Felicia Wu and Tim K. Takaro. 2007. “Childhood Asthma and Environmental Interventions,” Environmental Health Perspectives 115:6, 971–5; Interview with Kevin Kennedy, program director, Environmental Health Program, Section of Toxicology and Environmental Health, Children’s Mercy Kansas City, 10 August 2018; Health Research and Educational Trust. 2017. “Social Determinants of Health Series: Housing and the Role of Hospitals.” Accessed 14 August 2018; Documents provided by Kevin Kennedy; Charles S. Barnes, Mercedes Amado, and Jay Portnoy. 2010. “Reduced clinic, emergency room, and hospital utilization after home environmental assessment and case management,” Allergy and Asthma Proceedings 31:4, 317–23.

×

Source:

Charles S. Barnes, Mercedes Amado, and Jay Portnoy. 2010. “Reduced clinic, emergency room, and hospital utilization after home environmental assessment and case management,” Allergy and Asthma Proceedings 31:4, 317–23; Interview with Kevin Kennedy, program director, Environmental Health Program, Section of Toxicology and Environmental Health, Children’s Mercy Kansas City, 10 August 2018; Documents provided by Kevin Kennedy.

×

Source:

Charles S. Barnes, Mercedes Amado, and Jay Portnoy. 2010. “Reduced clinic, emergency room, and hospital utilization after home environmental assessment and case management,” Allergy and Asthma Proceedings 31:4, 317–23; Interview with Kevin Kennedy, program director, Environmental Health Program, Section of Toxicology and Environmental Health, Children’s Mercy Kansas City, 10 August 2018; Felicia Wu and Tim K. Takaro. 2007. “Childhood Asthma and Environmental Interventions,” Environmental Health Perspectives 115:6, 971–5.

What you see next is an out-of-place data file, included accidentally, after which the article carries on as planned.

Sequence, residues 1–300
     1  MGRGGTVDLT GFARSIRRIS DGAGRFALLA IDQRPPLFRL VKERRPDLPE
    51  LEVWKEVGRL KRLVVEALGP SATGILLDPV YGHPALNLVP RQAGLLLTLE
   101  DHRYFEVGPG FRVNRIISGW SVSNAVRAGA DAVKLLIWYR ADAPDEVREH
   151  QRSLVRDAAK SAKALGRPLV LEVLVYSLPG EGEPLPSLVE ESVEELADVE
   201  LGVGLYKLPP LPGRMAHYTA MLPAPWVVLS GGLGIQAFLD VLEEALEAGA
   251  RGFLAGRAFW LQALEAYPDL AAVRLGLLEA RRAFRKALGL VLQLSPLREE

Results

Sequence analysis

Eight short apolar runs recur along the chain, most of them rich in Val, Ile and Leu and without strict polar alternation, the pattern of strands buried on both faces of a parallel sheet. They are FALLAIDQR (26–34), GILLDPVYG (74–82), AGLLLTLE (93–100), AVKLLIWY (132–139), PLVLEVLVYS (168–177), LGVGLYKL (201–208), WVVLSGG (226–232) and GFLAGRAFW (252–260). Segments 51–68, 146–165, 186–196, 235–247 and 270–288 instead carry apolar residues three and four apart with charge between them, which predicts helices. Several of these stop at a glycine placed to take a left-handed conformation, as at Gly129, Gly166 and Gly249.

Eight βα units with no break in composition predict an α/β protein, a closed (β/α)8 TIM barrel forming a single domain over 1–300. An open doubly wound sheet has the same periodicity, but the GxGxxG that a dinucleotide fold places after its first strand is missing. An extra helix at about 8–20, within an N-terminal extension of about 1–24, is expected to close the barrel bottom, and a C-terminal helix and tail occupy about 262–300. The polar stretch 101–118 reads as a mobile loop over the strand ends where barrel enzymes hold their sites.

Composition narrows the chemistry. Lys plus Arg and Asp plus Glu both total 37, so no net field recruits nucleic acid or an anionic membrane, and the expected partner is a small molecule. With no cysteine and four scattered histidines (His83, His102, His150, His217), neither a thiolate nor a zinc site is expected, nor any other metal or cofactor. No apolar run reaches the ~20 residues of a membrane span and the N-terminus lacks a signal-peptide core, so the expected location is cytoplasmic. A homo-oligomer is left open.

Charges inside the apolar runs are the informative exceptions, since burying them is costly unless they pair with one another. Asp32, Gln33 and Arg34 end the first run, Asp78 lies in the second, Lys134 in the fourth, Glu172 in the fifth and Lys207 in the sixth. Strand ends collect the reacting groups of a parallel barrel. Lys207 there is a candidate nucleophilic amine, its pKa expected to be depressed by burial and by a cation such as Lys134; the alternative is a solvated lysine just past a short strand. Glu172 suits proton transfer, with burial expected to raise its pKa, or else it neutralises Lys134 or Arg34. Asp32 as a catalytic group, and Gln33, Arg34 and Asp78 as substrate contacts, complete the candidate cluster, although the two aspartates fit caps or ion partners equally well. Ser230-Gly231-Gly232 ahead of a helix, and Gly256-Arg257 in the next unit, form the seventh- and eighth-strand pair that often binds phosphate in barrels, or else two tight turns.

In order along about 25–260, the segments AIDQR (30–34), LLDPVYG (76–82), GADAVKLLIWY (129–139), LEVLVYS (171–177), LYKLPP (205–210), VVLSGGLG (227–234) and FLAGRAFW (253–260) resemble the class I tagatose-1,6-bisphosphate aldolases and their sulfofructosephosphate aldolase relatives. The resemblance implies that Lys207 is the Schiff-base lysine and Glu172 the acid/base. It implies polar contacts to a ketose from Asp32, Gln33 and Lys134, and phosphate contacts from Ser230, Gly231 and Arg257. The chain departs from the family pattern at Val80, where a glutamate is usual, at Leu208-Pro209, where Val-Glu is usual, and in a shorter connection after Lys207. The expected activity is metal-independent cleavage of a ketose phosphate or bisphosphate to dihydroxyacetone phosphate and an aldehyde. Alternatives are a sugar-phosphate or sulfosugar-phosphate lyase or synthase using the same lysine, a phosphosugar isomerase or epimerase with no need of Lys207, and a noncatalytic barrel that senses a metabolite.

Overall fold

×

Source:

Documents provided by Kevin Kennedy, program director, Environmental Health Program, Section of Toxicology and Environmental Health, Children’s Mercy Kansas City; Health Research and Educational Trust. 2017. “Social Determinants of Health Series: Housing and the Role of Hospitals.” Accessed 14 August 2018; U.S. Department of Housing and Urban Development Office of Lead Hazard Control and Healthy Homes. n.d. “Healthy Homes Grantees in Region VII, Great Plains.” Accessed 24 September 2018.

×

Source:

Interview with Kevin Kennedy, program director, Environmental Health Program, Section of Toxicology and Environmental Health, Children’s Mercy Kansas City, 10 August 2018; Documents provided by Kevin Kennedy.

×

Source:

Interview with Kevin Kennedy, 10 August 2018.

×

Source:

Interview with Kevin Kennedy, 10 August 2018; Documents provided by Kevin Kennedy; U.S. Department of Housing and Urban Development Office of Lead Hazard Control and Healthy Homes. n.d. “OLHCHH Lead & Healthy Homes Technical Studies Grants (FY06 – FY17),” 13. Accessed 24 September 2018.

×